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Jan 5 17 5:01 AM
Tomb of Dracula #16:
Return from the Grave!
by Marv Wolfman, Gene Colan & Tom Palmer
Another little macabre masterpiece by the Drac team-supreme.
Wolfman and co were really on a roll here with this powerful standalone issue.
It’s comparable to the kind of stuff Marv’s pal Len Wein was doing over at DC on Swamp Thing and Phantom Stranger, but as far as I’m concerned, Marv was a much better writer. Wein’s horror seemed to be solely fueled by Universal Monsters and was quite clichéd, whereas Marv’s Dracula was genuinely horrific at times and oozed mood. Of course, Wein’s partners-in-grime over at DC, Wrightson and Aparo, were moodmeisters themselves, but that came more from their artwork than Wein’s scripts.Marv and Gene had a fine symbiotic relationship, Gene’s penchant for mood feeding off Marv’s dark imaginings.
This issue pits Dracula against a living skeleton, who only
longs to be left to rest in peace in his own grave.
The story is rife with atmosphere
as Drac stalks through mist-shrouded cemeteries in search of his quarry, who
has inadvertently incurred his wrath by interrupting his hunt.
tracks him down like an unrelenting predator, not given to losing his head
…unlike his skeletal adversary.
It was also a memorable issue because it introduces another
important character to the cast; Inspector Chelm of Scotland Yard.
Irony and subtly are the first casualties
in the eternal battle of wits between people divided by a common language. So read between the lines or you'll fall through the cracks...
....Quoting other people is no substitute for thinking for yourself...
Jan 5 17 7:25 AM
deejayway wrote:garuda wrote:Surely Brother Voodoo must be next...
Beware of what you wish for. Voila:
Strange Tales featuring Brother Voodoo: 169-173
by Len Wein & Gene Colan
garuda wrote:Surely Brother Voodoo must be next...
Jan 5 17 9:24 AM
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Jan 6 17 8:17 AM
deejayway wrote:And I think you're overstating the perceived problem. Black Panther was NEVER written like a 'Marvel Black' by anyone from the very start. Neither was Brother Voodoo.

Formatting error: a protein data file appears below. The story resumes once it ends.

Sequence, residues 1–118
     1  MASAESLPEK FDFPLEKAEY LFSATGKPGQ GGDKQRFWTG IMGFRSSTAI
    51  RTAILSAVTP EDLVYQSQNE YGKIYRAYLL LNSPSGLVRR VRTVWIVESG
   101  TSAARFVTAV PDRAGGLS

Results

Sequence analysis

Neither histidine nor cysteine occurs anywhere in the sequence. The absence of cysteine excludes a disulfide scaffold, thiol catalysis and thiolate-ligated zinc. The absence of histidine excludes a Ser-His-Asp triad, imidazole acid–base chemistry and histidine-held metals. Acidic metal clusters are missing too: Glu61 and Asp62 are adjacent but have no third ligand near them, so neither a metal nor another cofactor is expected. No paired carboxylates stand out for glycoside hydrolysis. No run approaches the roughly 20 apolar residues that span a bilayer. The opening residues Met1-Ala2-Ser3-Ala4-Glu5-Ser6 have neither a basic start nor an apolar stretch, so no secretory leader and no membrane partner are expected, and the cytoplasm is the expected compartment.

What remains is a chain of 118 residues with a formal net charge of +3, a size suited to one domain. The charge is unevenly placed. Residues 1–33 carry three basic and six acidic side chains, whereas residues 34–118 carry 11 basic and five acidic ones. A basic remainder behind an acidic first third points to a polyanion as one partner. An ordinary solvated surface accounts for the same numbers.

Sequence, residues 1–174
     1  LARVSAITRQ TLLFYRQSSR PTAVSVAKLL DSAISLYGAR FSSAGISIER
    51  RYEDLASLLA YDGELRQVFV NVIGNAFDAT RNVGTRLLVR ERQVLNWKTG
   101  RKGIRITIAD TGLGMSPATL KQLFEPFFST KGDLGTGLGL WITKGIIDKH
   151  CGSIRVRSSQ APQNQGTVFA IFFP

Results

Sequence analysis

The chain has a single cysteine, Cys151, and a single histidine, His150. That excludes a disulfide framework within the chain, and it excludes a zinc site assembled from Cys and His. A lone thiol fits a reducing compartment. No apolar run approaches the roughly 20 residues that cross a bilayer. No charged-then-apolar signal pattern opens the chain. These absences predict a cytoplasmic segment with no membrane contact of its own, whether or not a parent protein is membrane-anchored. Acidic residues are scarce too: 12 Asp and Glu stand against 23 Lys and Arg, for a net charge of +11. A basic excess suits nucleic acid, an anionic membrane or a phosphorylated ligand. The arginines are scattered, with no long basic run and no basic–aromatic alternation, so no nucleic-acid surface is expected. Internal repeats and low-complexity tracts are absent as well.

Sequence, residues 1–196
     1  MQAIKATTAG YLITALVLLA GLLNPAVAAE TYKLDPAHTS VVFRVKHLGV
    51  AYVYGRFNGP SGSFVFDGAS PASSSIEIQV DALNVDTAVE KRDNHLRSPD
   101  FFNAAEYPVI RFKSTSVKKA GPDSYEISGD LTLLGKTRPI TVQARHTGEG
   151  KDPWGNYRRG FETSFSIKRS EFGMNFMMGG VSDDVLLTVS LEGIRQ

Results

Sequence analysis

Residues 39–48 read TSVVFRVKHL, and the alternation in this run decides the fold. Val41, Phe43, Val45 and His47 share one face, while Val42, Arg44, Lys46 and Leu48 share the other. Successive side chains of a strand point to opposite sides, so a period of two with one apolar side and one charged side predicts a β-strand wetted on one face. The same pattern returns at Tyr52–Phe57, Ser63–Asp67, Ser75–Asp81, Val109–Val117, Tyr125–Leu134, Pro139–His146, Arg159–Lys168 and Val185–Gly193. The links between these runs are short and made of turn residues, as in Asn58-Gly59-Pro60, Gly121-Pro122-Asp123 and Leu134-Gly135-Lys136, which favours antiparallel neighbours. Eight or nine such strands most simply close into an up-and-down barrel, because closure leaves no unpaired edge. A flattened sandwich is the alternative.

They're about the only non-American black characters I can think of from the period...which is kinda sad.
Jan 6 17 8:29 AM
Jan 6 17 12:01 PM
deejayway wrote:Do you think it is worst that writers in the 70s tended to write all blacks like ghetto gangstas or that they wrote most Brits like either Lord Fauntleroys, Dick van Doiyck or yokels. Or for that matter, Germans like they were POW Camp commanders (see ToD #17) or Frenchmen like they were all Clouseau.
The ignorance you refer to wasn't just reserved for blacks and I dare say it's the same today.
Jan 13 17 7:32 AM
Tomb of Dracula #17:
Death Rides the Rails
by Marv Wolfman, Gene Colan & Tom Palmer
issue is a bit of a weird duck. It opens with a bang, but quickly devolves into
a farcical comedy-of-errors.
out Drac had another reserve coffin stowed away near Versailles. Fancy that. He commands one of his mind controlled minions to prepare his 'bed'.
The next day, Drac is riding the rails through Germany, on his way to Transylvania.
He has his own comfy, little sleeper compartment.
Frank and Rachel are on the
same train, as are an unlikely couple called Monsieur Granet and Herr Gruber.
The duo, the former a Frenchman and the latter a German, are like refugees from
Hogan’s heroes. If you winced at Blade’s ‘ghetto rap’, Granet and Gruber’s
stereotypical dialogue will send you into cringing paroxysms.
He’s not the only person on the train with secrets, as
certain a young American called Jack Russell is also on board.
What's his sinister secret? Stay tuned. Elsewhere
on the northern Irish coast (of all places), another familiar face returns to
the stage: The vampire Brand.
Remember him? The biker who Drac sank his fangs
into in issue 11 and whose corpse had been spirited away from a morgue in issue
13 by Asian-looking agents. Well, it turns out they were Chinese and followers
of Doctor Sun, an evil mastermind straight out of a James Bond novel.
restored Brand to his full vampiric glory and his savagery and mercilessness
rivals that of Dracula himself.
on the tracks, there is a chilling seen in which a young boy plays ‘stick ‘em
up’ with Dracula before the cruel count subjects the boy’s young mother to his
tender mercies. The scene is so effective because of what it doesn’t show,
rather than what it does.
That kind of (code enforced ) subtlety and coyness is
much missed in today’s anything goes comics.
Then the book turns into a slapstick film with one lame
misunderstanding after another. Gruber’s paranoia and anxiety is almost
palpable as he imagine unseen assailants at every turn.
He dispatches Granet to
beard Dracula in his lair because he thinks Drac is working in tandem with
Rachel and Frank in pursuit of Herr Gruber.
The count sends Granet careening
through a widow to meet his death on the rails.Blood
on the tracks.Then
Frank and Rachel appear on the scene for another inconclusive, ineffectual
tussle with Dracula.
Gruber faces Dracula, the embodiment of all his fears and nightmares.
than surrender his case to Dracula, he hurls himself from the train and his
death. Unbeknownst to Gruber, however, Dracula had no idea who he was and had
no interest in him at all.A
nice slice of irony.
by the turn of events, Drac transform into a bat and decides to wing it the
rest of his way to Transylvania for a rendezvous with fate. Things promise to
get hairy next issue. That story ends with a minion of Doctor Sun – Gruber’s
true pursuer - retrieving the mysterious attaché case. Wheels within wheels.
Ah, just read the frickin' comic...
Jan 13 17 9:28 AM
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